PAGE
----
Republicans in Raleigh are up to their old tricks again. A special session will begin with no agenda. It’s possible they could vote to rig the courts in their favor. They may make it easier for polluters to poison the water. They may do nothing of consequence. Democrats and the public have been kept completely in the dark as to what to expect. Are the Republicans again readying for a sneak attack on democracy?
North Carolina lawmakers are returning to Raleigh this week, but they’re not giving the public many details on what they plan to vote on.
Both the state House of Representatives and the state Senate are due back in session Wednesday.
A spokeswoman for Republican Senate leader Phil Berger said the Senate might have votes that day, Thursday, or Friday – or maybe all three days – but didn’t say what they might be voting on.
“I’m IN the state senate and I don’t know what we’re voting on this week,” Democratic Sen. Jeff Jackson of Charlotte wrote in a tweet. “This is nuts.”
In the House, a spokesman for Republican Speaker Tim Moore said the only planned vote so far is on Thursday, for a resolution honoring the North Carolina A&T football team for its undefeated season last year.
Legislative leaders have hinted that votes might be coming on more controversial topics, such as redistricting or judicial reform.
“We are waiting for guidance from the courts before we can determine anything else,” Berger spokeswoman Amy Auth wrote in an email.
The legislature is appealing several court rulings, including two that overturned election districts (one on political grounds and one on racial grounds), and another that stopped the General Assembly from canceling statewide judicial primary elections this spring.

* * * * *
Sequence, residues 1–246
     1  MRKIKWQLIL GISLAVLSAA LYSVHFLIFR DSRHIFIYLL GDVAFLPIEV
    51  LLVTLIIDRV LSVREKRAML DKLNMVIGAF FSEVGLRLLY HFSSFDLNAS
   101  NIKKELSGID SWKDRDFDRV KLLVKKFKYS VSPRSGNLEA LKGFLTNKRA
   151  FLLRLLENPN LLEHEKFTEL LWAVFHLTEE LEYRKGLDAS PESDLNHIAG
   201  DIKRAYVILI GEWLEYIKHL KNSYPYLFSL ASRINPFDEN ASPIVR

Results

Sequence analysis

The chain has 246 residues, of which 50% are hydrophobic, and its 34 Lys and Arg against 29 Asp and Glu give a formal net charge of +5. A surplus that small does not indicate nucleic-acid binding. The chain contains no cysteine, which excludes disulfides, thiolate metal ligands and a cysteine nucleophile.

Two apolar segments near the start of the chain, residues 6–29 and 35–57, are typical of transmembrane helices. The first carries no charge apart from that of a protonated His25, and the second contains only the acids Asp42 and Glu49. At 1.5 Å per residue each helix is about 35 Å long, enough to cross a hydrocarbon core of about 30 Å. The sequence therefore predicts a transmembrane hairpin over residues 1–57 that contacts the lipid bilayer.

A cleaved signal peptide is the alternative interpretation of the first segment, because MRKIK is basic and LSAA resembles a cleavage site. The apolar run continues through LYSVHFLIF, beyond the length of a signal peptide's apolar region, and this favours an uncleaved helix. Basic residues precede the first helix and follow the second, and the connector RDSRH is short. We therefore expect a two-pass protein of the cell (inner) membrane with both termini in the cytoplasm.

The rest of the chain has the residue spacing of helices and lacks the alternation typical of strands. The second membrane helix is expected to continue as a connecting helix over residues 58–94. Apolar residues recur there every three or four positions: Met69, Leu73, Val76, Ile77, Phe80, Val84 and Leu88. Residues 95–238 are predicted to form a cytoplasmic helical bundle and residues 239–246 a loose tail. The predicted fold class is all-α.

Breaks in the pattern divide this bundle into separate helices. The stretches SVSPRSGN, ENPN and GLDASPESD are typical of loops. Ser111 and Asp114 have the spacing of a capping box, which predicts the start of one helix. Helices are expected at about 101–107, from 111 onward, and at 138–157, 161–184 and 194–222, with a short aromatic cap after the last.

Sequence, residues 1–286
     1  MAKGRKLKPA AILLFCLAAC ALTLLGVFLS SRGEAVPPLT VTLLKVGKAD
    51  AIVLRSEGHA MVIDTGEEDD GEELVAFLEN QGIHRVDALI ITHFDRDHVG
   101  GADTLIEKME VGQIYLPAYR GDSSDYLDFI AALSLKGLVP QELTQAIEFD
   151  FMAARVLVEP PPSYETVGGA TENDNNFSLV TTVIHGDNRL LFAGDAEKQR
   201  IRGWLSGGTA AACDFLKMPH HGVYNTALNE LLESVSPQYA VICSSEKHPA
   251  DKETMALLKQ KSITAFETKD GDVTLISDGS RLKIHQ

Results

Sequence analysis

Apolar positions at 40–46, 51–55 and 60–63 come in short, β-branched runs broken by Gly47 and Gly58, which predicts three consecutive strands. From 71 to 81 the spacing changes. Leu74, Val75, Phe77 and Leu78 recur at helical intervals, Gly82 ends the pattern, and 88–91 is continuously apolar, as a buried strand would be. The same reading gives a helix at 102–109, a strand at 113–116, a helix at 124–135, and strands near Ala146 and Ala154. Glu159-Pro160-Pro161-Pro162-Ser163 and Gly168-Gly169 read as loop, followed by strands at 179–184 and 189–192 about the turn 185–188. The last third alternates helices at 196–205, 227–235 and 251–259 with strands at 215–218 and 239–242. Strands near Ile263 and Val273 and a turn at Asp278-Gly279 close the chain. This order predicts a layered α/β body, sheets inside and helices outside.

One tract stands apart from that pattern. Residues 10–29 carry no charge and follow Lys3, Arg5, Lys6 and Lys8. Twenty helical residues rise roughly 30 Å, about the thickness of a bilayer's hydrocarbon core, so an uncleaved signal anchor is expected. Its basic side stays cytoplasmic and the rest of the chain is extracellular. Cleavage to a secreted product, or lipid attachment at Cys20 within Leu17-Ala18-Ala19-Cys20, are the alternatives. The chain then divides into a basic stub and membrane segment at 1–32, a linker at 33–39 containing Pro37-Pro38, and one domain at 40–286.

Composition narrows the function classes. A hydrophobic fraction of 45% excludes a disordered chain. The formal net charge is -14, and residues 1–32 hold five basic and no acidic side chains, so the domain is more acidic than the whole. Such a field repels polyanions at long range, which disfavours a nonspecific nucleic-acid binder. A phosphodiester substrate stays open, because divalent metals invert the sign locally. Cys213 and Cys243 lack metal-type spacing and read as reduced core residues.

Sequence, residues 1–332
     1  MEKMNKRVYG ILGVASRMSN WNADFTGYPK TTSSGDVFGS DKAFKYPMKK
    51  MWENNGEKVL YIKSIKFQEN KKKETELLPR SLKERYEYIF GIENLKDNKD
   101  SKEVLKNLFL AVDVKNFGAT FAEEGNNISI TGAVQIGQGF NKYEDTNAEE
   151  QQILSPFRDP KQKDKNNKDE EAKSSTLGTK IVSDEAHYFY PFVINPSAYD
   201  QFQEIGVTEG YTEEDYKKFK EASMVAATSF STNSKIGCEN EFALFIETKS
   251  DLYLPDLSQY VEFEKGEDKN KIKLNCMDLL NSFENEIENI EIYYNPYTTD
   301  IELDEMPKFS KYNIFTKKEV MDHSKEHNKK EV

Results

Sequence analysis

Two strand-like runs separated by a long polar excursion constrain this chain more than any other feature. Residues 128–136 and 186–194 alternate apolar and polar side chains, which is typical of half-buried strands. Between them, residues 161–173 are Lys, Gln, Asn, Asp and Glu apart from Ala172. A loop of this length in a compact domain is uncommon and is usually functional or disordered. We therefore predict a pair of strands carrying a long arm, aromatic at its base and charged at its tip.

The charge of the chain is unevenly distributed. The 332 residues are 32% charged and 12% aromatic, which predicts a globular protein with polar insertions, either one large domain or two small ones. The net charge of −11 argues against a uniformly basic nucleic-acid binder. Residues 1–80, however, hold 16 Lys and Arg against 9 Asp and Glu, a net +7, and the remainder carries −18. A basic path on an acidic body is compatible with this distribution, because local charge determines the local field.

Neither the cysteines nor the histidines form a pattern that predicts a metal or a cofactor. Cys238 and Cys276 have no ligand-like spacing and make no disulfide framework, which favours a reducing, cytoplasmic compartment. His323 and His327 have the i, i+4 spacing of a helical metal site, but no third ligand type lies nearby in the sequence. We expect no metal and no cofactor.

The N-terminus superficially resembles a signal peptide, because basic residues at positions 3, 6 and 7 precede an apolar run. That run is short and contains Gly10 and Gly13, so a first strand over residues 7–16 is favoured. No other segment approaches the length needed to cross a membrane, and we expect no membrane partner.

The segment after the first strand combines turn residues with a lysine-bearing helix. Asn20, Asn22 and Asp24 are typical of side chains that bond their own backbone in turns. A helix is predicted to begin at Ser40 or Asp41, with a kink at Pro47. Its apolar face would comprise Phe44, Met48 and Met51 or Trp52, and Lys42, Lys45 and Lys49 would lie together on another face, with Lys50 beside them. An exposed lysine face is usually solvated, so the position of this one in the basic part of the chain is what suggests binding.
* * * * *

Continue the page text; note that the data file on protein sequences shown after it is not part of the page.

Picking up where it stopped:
In the absence of official plans, some advocacy groups are warning their supporters to be prepared for anything.
The NC Sierra Club sent out an email Tuesday saying the House might take up a bill, already passed by the Senate in 2017, that would restrict state agencies from creating new regulations if they determined it would be too expensive to the industry affected by the rules. Opponents of the bill say it could especially hamstring the state’s environmental regulators.
But that bill is in the House Rules Committee, which has no scheduled meetings anytime soon.
And Rep. Ted Davis, a Wilmington Republican who is on the Rules Committee and has also helped lead the state’s response to GenX water pollution, said he has not heard from Rules Committee Chairman David Lewis about any committee meetings this week.
Another Wilmington lawmaker who has been involved in environmental issues, newcomer and Democrat Deb Butler, said she has been unimpressed with the legislature’s transparency during her first term in office. The uncertainty over the regulatory reform bill – or anything else that might happen in this session – is just one more example of that, she said Tuesday.
“It’s very upsetting to me, as a freshman,” Butler said. “They haven’t told us what we’re voting on. This sort of approach to lawmaking yields fruit like HB2 and the classroom chaos bill, and this bill.”